Rock Climbing Grips and Holds you Must Know

Climbing rocks takes lots of upper body strength, especially your hands. Did you know that how you use rock climbing grips can make or break your experience? If you are new to rock climbing Montreal, it can be hard for you to understand the various kinds of rock climbing grips. Keep reading to learn the basics of these grips and finger holds and take control of your climb:

Importance of Learning Rock Climbing Grips

Climbing a rock wall does not require you to have extraordinary human strength. The majority of climbers have stronger lower body than upper body. But, it’s important to keep your body weight centred over your feet when climbing a rock wall. No matter how strong your lower body is, you must learn the major rock climbing rips and finger holds to make successful climbs. The rocks constructed into climbing walls are created to challenge you in the same way as an outdoor climb. Every rock is made with various faces and requires you to make use of different grips and holds.

In climbing gyms, you will find the following holds:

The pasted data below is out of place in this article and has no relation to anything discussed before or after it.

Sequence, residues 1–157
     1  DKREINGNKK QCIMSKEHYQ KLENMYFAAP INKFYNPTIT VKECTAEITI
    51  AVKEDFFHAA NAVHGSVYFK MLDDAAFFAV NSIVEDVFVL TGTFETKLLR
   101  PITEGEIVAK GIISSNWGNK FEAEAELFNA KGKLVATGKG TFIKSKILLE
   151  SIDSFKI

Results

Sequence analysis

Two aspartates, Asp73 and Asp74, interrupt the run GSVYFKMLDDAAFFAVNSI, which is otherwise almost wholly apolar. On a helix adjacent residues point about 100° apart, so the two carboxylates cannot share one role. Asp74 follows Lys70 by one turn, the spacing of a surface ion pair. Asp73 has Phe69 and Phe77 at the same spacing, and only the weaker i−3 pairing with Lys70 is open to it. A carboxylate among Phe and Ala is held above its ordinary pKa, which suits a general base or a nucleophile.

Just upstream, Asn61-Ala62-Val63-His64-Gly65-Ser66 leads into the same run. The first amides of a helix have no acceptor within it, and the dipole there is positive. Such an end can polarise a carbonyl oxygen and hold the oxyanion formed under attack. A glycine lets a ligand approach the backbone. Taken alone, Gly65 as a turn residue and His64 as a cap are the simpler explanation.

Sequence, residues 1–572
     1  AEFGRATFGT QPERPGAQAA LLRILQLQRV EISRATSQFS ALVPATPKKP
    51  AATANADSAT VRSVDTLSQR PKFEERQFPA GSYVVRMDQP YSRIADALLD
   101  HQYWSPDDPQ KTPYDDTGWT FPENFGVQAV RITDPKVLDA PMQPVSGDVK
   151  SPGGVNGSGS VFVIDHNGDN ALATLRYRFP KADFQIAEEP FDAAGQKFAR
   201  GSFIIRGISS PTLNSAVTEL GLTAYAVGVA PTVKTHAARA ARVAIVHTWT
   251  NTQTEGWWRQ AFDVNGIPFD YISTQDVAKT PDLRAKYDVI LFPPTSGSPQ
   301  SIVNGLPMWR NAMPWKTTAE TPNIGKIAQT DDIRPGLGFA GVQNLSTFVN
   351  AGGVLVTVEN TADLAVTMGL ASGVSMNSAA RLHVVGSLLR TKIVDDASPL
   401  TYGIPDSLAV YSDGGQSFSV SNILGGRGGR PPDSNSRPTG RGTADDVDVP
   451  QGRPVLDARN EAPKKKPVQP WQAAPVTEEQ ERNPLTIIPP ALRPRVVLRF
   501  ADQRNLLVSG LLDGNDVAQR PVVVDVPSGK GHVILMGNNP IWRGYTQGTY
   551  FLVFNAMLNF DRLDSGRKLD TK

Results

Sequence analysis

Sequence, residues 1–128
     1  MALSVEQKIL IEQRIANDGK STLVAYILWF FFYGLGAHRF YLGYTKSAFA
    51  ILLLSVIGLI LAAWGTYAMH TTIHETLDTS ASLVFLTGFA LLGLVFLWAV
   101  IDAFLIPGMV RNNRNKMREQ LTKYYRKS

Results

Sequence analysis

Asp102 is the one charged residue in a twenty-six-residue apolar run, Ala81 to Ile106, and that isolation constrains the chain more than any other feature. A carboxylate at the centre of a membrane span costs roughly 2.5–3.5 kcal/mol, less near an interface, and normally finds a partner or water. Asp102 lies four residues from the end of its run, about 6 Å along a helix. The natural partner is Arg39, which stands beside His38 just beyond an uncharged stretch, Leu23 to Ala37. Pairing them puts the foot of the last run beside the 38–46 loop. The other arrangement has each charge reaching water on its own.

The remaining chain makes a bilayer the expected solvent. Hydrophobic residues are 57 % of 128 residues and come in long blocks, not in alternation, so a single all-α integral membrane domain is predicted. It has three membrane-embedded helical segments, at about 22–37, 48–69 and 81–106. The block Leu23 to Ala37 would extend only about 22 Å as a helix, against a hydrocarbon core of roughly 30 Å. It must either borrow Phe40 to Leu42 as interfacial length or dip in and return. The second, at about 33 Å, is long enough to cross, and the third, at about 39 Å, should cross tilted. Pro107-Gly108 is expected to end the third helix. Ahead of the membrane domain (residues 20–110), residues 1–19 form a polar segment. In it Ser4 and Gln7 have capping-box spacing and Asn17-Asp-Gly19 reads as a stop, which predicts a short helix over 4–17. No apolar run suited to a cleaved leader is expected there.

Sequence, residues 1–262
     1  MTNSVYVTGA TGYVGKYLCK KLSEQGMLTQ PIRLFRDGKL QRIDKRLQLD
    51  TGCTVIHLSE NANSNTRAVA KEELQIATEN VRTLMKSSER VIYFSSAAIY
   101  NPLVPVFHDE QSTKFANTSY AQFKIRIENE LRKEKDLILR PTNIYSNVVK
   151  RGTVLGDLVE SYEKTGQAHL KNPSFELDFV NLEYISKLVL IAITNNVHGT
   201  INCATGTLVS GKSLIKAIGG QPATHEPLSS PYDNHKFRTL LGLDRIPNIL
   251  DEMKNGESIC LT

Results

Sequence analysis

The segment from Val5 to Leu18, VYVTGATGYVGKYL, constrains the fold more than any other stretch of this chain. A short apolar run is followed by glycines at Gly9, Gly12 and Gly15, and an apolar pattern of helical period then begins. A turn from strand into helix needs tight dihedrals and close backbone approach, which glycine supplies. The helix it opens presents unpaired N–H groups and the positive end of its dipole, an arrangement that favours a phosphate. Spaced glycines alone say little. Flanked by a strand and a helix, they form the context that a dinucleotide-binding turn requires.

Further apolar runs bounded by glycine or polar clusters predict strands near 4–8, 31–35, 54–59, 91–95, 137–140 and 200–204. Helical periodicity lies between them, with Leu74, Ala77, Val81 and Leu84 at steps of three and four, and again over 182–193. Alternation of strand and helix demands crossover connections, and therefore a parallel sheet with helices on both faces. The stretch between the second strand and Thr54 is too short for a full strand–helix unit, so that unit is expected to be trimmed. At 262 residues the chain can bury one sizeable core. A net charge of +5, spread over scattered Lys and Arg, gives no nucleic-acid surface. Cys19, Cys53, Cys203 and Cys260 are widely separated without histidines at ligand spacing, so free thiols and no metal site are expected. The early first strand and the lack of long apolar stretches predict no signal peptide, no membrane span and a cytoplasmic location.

• Flat edges. This refers to typical rocks which do not provide plenty of space for gripping.
  • Rounded slopers. These bulging rocks do not have the right angle to hold.
  • Slightly detached rocks.
  • Rock holes that only fit two fingers or a whole hand.
  • Rocks that can be pinched with the whole hand or a few fingers.

Rock Climbing Grips and Finger Holds

You can become a successful climber when you can traverse the different kinds of rocks using the right holds. To get started, below are the kinds of grips you must learn:

  • Full crimp and half crimp grips. These grips are ideal for flakes and small edges. A full crimp grip is when you get most of the pressure on the middle finger joints with your thumb wrapped around your index finger.
  • Pinch grip. This grip can be done by holding with an open-hand grip or half-crimp, then using your thumb for pinching the rock’s other edge.
  • Open-hand grip. You will use this grip to grab slopers. It includes straight knuckles and spread fingers. Using this grip leads to less stress on the hands and fingers. Initially, you may feel this is the weakest kind of grip but you will be using this hold frequently over time.
  • Pocket grip. This makes use of at least one finger or a whole hand inside the pocket hole. It often involves using the middle finger because of its strength.